Thanks for this information, Frank. I did some lurking at the several King sites Frank mentions above and am amazed at the enthusiasm these fans have for his work and his life. This has been noted many times by others, and it's not like I was unaware of it, but seeing it in action is instructive. And certainly King is not alone in engendering this sort of passion in readers. I'd like to keep in touch with this fan world, and intend to add continuing updates as the date of the release of the King book approaches. I'd be interested in hearing comments from these fans, and in comments from others about this sort of fan loyalty.

Here's the cover for the German edition.

Wednesday, August 26, 2009

Ray Banks Again

Just a bit more on Ray Banks and I'll quit going on about him. Heres another review of Saturday's Child with lots of good links to interviews with Banks and reviews of his other books. And now, an offer: I'll send my copy of Saturday's Child to the first person who asks for it. Send me the request and your address to the Thriller Guy's alter ego at and I'll put it in the mail. It's a pleasure to do whatever I can to spread the word about good writers, especially the more unknown ones.

Also, here's a cool little short story by Banks.

And another library story:

“I’ve always loved the library. When I was very small, the Bethesda Public Library was in the basement of BCC (Bethesda Chevy Chase High School). It probably was quite dinky, but it was filled with books, and the librarian there wanted to encourage children to read. So we all got a little booklet, and whenever we read a book, the librarian would give us a brightly colored sticker to put in the booklet.

“This was about sixty years ago, more or less. In 2004, while emptying my father’s house so it could be demolished and replaced by a McMansion, I came across the library sticker booklet, still intact after all these years. But the stickers were just pieces of colored paper, dingy and faded, nothing like today’s glitzy stickers. You had to lick them to make them stick!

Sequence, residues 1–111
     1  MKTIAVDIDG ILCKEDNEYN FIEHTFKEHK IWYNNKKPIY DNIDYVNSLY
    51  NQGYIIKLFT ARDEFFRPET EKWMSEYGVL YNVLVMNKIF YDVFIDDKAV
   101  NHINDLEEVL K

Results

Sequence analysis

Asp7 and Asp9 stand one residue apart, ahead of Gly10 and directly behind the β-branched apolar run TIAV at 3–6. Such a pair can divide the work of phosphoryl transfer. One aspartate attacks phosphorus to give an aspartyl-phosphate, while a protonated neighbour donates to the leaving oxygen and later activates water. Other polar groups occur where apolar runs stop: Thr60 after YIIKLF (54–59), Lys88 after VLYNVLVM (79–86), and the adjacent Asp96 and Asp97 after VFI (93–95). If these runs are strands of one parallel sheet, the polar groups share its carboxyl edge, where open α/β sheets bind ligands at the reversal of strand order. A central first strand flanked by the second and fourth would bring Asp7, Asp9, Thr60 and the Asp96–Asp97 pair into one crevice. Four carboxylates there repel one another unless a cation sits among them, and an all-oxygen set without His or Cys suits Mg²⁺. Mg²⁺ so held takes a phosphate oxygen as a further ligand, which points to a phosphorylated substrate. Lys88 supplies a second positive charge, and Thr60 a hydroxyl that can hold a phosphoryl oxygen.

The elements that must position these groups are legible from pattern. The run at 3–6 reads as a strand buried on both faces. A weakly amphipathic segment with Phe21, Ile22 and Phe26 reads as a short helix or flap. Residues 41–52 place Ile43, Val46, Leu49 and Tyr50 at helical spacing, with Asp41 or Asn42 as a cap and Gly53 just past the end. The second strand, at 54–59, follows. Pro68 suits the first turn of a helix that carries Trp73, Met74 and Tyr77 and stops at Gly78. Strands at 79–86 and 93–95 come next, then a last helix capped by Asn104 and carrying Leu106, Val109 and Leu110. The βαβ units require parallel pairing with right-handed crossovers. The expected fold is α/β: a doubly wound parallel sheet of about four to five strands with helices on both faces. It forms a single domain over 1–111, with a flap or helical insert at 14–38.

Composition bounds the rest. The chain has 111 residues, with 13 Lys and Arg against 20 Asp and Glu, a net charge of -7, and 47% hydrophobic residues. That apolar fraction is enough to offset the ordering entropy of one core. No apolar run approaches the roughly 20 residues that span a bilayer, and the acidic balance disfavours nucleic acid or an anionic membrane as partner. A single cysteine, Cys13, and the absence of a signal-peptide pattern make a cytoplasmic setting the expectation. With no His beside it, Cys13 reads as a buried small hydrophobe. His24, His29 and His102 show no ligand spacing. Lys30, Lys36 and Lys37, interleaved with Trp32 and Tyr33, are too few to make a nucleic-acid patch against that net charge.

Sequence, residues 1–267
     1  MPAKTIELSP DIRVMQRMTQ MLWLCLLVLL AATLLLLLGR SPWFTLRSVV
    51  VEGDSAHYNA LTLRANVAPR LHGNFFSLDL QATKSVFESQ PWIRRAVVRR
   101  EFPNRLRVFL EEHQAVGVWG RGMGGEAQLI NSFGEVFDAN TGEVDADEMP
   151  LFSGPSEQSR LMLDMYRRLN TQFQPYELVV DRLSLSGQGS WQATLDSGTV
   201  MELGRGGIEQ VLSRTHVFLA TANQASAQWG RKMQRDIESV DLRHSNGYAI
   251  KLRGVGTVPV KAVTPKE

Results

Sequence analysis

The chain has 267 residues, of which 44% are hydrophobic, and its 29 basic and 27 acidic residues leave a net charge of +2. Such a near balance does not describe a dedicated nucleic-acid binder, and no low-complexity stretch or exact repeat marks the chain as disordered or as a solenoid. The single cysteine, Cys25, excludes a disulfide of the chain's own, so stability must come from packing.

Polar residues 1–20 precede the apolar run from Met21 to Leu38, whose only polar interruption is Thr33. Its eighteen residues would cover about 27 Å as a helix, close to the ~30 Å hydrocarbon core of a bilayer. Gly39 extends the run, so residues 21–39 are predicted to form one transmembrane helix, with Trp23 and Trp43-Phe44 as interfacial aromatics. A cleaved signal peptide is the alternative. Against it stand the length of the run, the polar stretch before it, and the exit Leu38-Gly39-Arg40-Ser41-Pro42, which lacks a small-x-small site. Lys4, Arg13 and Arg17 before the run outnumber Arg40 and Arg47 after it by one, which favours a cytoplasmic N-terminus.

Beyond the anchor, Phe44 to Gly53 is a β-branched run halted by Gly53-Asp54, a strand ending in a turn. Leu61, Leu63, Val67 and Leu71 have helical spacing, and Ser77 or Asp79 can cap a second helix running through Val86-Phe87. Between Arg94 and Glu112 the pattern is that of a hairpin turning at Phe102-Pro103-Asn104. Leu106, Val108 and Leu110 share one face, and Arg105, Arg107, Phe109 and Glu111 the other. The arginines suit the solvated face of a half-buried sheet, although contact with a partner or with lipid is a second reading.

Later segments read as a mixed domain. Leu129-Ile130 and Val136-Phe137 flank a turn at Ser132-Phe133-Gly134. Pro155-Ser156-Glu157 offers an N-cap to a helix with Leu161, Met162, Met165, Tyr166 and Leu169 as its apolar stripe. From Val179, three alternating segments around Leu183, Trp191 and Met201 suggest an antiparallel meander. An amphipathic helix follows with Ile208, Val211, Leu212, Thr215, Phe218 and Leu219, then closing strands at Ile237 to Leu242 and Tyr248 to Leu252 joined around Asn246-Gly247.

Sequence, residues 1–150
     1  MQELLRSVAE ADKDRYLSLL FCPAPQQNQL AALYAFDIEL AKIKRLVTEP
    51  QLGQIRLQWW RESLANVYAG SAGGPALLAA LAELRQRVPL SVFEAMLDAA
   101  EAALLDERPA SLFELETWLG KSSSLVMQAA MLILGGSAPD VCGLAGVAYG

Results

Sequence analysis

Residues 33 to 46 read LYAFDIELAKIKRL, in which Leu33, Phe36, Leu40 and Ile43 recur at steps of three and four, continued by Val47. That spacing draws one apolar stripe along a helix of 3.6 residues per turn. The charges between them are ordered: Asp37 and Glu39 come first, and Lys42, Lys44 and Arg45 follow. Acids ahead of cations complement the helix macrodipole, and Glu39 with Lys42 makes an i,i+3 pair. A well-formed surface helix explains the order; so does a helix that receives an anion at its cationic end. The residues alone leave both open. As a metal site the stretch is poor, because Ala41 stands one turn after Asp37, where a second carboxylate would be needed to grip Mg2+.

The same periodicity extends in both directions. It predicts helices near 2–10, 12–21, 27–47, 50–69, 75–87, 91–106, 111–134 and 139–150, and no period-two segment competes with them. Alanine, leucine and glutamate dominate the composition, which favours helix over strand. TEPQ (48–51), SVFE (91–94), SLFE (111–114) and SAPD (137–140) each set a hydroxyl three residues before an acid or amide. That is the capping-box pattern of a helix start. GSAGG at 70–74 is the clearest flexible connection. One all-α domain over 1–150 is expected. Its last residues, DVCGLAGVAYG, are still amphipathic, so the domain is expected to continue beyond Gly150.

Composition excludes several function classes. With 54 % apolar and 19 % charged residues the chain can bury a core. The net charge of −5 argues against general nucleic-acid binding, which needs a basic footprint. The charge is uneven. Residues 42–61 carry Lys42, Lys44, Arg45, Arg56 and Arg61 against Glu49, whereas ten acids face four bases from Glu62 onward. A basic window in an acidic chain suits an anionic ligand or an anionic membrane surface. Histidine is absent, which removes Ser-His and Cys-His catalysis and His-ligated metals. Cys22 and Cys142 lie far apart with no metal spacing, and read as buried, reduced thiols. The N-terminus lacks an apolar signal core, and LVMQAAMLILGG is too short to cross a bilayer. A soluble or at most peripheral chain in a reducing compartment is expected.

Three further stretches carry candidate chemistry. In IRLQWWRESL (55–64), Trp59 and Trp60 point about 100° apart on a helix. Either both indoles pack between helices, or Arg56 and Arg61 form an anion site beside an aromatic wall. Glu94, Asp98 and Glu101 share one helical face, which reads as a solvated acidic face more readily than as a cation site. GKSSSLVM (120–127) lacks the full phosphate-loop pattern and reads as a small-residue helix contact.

“And yet, and yet…. To this day I am convinced that someone somewhere is watching me read—that Great Librarian in the Sky—and whenever I finish a book, I feel a great sense of satisfaction. This has caused me to read and finish a great number of books that were perhaps better left unread. And where, I wonder, are all my stickers?

Susan Hunt

Sunday, August 23, 2009

The Returning Hero

Ray Banks: Saturday's Child

I'm always interested, both professionally and personally, in series fiction with recurring characters. I wrote a series of 5 time travel books (one remains unpublished) from 1985 through 2003. When you're working a series like that, you always have to deal with several nagging, ongoing problems: how much the characters should change over time, and how much backstory do you present in each succeeding book. I'm presently reading a terrific series by Ray Banks, and it's interesting to see how he handles these problems, especially how he handles his character's changes.